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List, of, prosCONS
List, of cons
The Terk HDTVa (also known as the Terk LOGTVA) combines a log-periodic UHF antenna, rabbit ears VHF antenna and a 12-decibel integrated signal amplifier into one very effective indoor antenna package. It's a great choice if you need a highly directional antenna, but you might need to reposition it regularly if channels in your area come in from different directions.ProsGood range, UHF and VHF reception, Less susceptible to UHF multipath interferenceConsObtrusive, Top-heavy, May require repositioning for different channels
Great performance, but some downsides. The reception range of the Terk HDTVa -- up to 45 miles -- is excellent for an indoor antenna. This log-periodic UHF model is highly directional and less prone to multipath interference from reflected signals, which causes ghosts when watching analog TV but can completely obliterate digital signals. However, it also means you may need to constantly reposition the antenna for best results if you get channels from transmitters located in different directions from your home.
Hard to miss in a room. Many say the swept-back design of the antenna is relatively good-looking, but that's in the eye of the beholder, and the Terk HDTVa can't be as effectively hidden in a room as an antenna like the Mohu Leaf 30 (Est. $35). It's also a bit top-heavy and prone to tipping over, which can be even more of a nuisance if you need to constantly fiddle with the Terk HDTVa to bring in signals coming from different headings.
Could be overkill for some. Although it's less expensive than some antennas -- including some that don't perform as well -- the Terk HDTVa is a little pricey. If you don't absolutely require a directional antenna, and live relatively close to the transmitters, an omnidirectional antenna like the Mohu Leaf 30 (Est. $35), or even the Mohu Leaf Metro (Est. $20), can be an excellent alternative. But if you live in an area where multipath interference is an issue, the HDTVa may be your best choice.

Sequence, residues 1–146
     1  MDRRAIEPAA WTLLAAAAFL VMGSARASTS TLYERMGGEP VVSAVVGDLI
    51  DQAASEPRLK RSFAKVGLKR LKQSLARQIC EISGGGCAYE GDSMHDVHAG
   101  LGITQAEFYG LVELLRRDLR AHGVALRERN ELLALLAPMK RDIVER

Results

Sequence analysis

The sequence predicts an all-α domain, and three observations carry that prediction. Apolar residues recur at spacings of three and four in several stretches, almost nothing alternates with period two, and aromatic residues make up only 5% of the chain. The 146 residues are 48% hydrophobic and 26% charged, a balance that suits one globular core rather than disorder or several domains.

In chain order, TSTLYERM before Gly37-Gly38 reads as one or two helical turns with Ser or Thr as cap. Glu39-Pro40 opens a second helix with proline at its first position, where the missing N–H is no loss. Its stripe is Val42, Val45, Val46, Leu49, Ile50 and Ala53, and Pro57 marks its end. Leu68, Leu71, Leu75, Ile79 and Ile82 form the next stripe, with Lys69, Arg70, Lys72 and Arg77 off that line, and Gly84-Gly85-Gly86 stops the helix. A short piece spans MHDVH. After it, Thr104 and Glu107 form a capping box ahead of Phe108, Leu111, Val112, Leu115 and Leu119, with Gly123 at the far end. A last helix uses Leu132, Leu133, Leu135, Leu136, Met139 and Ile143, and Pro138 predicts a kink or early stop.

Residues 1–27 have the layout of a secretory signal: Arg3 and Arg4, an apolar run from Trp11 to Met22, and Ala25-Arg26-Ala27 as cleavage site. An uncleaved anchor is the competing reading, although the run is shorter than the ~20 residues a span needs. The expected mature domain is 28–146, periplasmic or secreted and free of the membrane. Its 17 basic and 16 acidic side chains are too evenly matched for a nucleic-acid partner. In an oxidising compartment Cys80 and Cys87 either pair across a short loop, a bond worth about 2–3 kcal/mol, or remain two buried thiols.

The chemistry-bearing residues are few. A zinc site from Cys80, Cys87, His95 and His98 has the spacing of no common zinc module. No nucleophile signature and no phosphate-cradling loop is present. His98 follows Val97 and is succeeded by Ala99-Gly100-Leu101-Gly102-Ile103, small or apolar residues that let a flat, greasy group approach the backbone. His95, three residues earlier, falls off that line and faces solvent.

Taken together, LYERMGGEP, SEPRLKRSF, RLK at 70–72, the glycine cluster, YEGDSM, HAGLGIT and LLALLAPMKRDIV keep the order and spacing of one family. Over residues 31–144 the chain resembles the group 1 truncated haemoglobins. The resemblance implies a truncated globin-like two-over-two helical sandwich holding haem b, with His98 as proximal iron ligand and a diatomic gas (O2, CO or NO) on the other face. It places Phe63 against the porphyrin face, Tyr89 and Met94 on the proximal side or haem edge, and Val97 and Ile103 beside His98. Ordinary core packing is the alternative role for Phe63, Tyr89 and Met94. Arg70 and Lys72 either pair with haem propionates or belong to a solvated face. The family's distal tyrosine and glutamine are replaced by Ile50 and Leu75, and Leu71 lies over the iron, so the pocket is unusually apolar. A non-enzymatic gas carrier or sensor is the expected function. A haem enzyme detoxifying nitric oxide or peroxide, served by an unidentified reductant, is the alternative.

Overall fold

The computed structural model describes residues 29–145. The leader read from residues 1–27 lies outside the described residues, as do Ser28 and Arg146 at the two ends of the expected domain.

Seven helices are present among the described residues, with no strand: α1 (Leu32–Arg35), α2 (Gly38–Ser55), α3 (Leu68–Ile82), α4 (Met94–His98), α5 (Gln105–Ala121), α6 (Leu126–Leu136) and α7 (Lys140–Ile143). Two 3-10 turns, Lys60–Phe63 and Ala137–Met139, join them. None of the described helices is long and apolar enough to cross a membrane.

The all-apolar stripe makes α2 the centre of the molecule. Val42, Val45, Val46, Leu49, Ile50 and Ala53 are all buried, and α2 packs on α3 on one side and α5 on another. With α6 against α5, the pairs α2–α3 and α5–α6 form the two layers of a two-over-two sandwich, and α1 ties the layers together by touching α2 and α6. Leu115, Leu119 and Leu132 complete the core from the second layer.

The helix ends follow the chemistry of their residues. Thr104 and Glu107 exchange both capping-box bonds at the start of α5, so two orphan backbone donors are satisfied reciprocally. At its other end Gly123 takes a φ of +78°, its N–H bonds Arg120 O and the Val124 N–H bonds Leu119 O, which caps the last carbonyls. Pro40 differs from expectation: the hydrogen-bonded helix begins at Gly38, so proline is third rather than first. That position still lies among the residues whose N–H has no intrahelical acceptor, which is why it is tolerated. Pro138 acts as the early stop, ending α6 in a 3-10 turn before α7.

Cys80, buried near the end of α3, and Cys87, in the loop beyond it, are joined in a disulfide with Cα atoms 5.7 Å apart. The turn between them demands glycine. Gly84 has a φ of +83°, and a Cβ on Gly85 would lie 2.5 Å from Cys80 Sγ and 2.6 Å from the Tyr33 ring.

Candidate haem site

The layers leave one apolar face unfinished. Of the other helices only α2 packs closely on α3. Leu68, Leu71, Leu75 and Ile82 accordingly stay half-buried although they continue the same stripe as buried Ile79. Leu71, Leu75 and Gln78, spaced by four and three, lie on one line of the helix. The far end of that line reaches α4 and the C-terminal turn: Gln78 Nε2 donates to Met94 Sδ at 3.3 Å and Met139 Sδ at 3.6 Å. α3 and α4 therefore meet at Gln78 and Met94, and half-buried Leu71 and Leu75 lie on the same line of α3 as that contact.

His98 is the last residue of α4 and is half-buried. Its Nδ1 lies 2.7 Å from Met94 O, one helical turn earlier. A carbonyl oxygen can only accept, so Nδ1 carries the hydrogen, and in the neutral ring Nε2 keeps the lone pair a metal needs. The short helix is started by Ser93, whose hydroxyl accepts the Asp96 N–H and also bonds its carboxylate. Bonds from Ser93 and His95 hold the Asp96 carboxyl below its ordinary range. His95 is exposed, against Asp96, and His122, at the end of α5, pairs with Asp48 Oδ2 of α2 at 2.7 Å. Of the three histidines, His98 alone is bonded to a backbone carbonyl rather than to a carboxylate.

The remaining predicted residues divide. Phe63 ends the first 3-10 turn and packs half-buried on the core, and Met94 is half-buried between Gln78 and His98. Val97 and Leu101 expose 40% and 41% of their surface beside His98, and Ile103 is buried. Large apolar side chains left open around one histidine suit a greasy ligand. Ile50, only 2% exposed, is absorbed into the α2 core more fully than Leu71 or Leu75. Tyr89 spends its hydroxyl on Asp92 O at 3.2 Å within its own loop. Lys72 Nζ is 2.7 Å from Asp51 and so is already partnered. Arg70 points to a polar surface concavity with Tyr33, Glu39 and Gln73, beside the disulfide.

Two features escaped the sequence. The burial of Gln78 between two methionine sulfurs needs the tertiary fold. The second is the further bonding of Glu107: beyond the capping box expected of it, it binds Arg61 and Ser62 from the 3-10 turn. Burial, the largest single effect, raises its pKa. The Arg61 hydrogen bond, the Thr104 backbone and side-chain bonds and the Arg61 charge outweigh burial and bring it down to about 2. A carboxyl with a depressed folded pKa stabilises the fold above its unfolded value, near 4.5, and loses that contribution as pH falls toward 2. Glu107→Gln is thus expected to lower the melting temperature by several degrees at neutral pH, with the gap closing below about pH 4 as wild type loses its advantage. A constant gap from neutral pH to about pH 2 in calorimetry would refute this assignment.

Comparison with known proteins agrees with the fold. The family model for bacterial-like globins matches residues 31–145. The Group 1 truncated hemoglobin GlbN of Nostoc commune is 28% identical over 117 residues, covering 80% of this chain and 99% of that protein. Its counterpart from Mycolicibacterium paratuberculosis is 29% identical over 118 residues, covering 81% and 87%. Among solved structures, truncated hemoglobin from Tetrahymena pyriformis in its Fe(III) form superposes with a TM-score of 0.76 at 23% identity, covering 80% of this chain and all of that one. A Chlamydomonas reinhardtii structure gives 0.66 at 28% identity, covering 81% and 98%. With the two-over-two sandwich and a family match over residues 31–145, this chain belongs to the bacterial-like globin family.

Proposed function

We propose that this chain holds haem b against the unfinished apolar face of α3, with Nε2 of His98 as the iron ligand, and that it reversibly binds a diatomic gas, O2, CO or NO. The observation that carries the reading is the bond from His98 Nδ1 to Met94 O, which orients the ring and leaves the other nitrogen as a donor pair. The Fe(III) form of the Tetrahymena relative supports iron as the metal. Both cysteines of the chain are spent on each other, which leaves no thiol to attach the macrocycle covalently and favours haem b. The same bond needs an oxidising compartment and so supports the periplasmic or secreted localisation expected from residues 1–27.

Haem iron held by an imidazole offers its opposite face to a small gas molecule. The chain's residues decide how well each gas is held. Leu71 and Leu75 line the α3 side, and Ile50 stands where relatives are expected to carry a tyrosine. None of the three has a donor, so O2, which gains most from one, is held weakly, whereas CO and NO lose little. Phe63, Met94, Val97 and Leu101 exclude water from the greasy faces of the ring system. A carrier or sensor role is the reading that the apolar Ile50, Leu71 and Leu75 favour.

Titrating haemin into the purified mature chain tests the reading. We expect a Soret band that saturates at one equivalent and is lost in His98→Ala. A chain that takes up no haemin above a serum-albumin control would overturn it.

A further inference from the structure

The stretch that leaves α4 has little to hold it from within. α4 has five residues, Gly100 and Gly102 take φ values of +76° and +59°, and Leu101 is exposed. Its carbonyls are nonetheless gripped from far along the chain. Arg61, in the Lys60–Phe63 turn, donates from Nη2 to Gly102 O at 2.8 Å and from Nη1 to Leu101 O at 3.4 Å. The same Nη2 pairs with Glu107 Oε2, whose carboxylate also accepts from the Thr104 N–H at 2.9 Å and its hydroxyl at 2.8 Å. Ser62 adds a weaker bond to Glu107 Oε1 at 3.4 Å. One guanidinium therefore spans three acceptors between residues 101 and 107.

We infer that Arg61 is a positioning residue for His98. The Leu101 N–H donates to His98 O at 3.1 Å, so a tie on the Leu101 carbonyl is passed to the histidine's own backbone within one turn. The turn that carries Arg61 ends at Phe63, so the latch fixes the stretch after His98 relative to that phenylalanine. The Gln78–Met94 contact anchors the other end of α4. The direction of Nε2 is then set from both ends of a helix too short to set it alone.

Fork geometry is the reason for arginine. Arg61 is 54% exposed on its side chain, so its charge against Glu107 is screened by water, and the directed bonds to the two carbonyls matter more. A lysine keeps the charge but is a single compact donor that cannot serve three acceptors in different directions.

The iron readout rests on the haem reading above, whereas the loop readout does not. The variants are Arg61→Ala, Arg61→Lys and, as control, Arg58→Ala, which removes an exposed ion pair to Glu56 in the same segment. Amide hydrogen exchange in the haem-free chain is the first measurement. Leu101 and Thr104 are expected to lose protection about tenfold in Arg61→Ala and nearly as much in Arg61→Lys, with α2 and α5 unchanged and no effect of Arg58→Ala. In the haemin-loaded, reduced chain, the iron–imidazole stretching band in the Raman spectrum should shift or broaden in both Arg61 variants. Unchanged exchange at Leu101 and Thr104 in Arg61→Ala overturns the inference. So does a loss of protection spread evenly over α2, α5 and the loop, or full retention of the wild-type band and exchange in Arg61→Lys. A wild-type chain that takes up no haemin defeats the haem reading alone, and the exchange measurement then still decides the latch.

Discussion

Product Review: Three for DTV…Reception, Pete Putman, April 8, 2010
In this highly technical review, Putman conducts a three-antenna comparison test that includes the Terk HDTVa. He says the HDTVa "did the best overall job on UHF DTV and analog VHF signals, and the internal amplifier (although not a low-noise design) does make a difference."
Kiss Your Cable Bill Goodbye with These HDTV Antennas, Edward N. Albro, Not Dated
Edward Albro looks at five indoor antennas in this head-to-head comparison review. The Terk HDTVa is judged to have the best performance, pulling in the highest signal strength on the most channels.
TERK Amplified Indoor HDTV Antenna, Contributors to Amazon.com, As of January 2016
More than 2,800 users provide feedback on the Terk HDTVa, giving it an overall rating of 3.6 out of 5 stars. Some reviews are incredibly detailed, including comparisons to other indoor TV antennas. Many owners are either completely or mostly satisfied, but others say the antenna didn't work at their location or other antennas provided better results.
Terk HDTVa Amplified indoor HDTV antenna, Contributors to Crutchfield.com, As of January 2016
Though there are far fewer reviews here than at Amazon.com, at just under 90, there's still enough feedback at Crutchfield.com to be meaningful. Satisfaction with the Terk HDTVa is relatively high at 4.5 stars. While not everyone is satisfied, several owners say that this antenna worked where others failed.